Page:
Bush And Barney Together On FHA Plan? Not Sure It Helps
Let me not to the marriage of true minds admit impediments, I always say (ok, you know I didn't say it), but this one boggles the mind.
As House Financial Services Committee Chairman Barney Frank was launching unveiled threats to lenders today that they'd better write down the value of troubled loans or face stiff regulation in the future, an FHA official dispatched by the Bush administration to Frank's hearing, announced a plan to save borrowers that mirrors Frank's idea. But the FHA official claims it wouldn't have any upfront costs.
Chairman Frank is proposing a bill that would have the FHA back 300 billion dollars worth of new loans if lenders write down the value of those loans to 85 percent of the home's value. This is of course because falling home prices have put many Americans underwater on their mortgages. The plan would cost a bunch upfront, and that means you and I foot the bill.
The Bush plan is for the FHA to call on those same lenders to write down principal and in turn the FHA will take on riskier borrowers. The way the FHA works is that it insures payment of a loan by charging the borrower an insurance premium. The FHA wants these premiums to now be risk-based, i.e. more expensive. Those higher premiums would help defray the cost.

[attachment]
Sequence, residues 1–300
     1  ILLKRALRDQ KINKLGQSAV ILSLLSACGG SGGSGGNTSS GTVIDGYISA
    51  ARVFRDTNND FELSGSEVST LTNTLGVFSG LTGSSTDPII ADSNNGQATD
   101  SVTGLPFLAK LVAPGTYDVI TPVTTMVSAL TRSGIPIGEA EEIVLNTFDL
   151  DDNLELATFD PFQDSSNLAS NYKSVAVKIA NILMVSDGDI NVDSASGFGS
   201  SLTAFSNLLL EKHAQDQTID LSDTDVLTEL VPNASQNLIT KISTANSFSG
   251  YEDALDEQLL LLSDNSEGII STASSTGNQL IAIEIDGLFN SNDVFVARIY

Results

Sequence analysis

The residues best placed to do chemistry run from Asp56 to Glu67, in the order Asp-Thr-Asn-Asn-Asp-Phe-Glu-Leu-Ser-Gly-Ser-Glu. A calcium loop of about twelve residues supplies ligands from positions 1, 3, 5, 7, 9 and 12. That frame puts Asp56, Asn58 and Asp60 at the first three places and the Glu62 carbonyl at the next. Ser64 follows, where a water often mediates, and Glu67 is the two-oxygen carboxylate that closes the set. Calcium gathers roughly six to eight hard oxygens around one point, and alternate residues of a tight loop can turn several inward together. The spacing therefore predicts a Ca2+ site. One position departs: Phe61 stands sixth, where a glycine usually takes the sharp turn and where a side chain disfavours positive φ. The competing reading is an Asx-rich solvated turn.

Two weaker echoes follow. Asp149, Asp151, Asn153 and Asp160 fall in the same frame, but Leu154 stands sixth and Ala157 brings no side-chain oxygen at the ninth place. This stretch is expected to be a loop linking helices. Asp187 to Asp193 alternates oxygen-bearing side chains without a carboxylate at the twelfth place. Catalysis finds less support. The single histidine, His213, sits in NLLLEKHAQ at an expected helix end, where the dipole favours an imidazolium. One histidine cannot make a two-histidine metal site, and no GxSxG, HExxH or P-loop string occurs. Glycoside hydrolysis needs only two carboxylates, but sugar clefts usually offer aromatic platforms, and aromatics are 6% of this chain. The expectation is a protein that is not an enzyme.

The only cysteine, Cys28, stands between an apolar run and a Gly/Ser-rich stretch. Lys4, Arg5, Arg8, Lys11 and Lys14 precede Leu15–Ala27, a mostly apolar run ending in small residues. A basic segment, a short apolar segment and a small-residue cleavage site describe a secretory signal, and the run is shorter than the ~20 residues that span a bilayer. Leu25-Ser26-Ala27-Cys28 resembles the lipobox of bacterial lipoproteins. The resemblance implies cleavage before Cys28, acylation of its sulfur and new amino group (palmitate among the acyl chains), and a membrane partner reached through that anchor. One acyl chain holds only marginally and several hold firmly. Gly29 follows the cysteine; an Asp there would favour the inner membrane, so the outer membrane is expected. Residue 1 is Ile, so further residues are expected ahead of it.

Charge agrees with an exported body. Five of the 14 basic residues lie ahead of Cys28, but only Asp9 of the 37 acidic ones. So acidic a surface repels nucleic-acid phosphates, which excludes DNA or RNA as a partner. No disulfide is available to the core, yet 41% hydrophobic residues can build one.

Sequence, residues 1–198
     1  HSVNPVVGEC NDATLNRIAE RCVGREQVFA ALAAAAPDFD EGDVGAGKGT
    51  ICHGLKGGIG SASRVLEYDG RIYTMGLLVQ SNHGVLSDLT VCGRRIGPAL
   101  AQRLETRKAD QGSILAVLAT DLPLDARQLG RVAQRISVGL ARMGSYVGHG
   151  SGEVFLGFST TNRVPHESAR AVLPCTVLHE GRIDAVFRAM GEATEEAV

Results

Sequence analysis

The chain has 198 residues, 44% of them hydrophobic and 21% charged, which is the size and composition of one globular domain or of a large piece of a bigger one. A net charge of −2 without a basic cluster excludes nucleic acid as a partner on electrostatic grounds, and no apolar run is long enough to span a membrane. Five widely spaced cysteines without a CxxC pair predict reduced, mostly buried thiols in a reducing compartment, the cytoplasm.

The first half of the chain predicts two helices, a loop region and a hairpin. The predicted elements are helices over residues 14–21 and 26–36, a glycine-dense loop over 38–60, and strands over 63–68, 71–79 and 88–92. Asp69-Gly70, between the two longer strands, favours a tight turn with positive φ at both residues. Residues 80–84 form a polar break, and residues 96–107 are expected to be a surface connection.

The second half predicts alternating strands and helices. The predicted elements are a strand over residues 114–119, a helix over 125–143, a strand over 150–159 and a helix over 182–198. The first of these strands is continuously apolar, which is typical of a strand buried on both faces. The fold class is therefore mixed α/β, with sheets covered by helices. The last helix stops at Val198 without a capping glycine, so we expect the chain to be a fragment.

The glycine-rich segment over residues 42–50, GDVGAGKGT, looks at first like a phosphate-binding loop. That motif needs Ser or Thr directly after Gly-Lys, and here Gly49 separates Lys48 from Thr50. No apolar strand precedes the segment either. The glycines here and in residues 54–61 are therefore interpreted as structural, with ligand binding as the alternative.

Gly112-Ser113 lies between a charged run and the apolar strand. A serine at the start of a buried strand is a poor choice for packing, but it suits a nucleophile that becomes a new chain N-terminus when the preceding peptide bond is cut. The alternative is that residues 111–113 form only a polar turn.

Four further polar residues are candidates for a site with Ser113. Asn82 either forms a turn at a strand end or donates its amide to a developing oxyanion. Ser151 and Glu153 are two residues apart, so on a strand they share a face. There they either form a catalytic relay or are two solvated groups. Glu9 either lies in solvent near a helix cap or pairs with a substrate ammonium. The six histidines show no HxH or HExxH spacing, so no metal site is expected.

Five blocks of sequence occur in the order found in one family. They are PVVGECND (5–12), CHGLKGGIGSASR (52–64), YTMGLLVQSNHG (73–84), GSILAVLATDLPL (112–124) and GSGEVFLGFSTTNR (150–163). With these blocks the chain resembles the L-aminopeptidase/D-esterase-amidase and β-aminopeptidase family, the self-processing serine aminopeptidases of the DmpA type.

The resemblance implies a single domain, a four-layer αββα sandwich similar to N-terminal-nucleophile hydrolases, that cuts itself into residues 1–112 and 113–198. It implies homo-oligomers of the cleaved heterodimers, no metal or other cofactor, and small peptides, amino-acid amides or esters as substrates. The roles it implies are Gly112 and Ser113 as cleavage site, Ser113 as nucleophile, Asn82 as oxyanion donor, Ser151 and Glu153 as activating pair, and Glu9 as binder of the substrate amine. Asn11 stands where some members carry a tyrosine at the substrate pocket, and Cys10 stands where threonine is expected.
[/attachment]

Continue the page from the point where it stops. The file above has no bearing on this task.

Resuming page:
The only difference in the plans is the expected scope. Bush administration officials claim this could help 100,000 borrowers. Frank thinks it could help 1-2 million borrowers. But I think they're both leaving out some key points:
1. Not all lenders are going to comply and eat the loans
2. Not all borrowers, many of whom have zero financial stake in their homes thanks to their crazy mortgage products, even want to be refinanced and on top of that pay high insurance premiums.
3. You still have to have pretty good credit to qualify, even if you've missed some payments, and that means it's not going to apply to an awful lot of subprime borrowers.
The FHA Secure program claims to have helped thousands of borrowers since its inception last summer, giving them new FHA loans. But in reality, only a fraction of those borrowers were actually in default.
The FHA can do its part, but the insurer itself is, according to the New York Times today, going to post losses for the first time in its history, thanks to the surge in delinquencies. Do we really want this taxpayer-backed entity to take on more risk?
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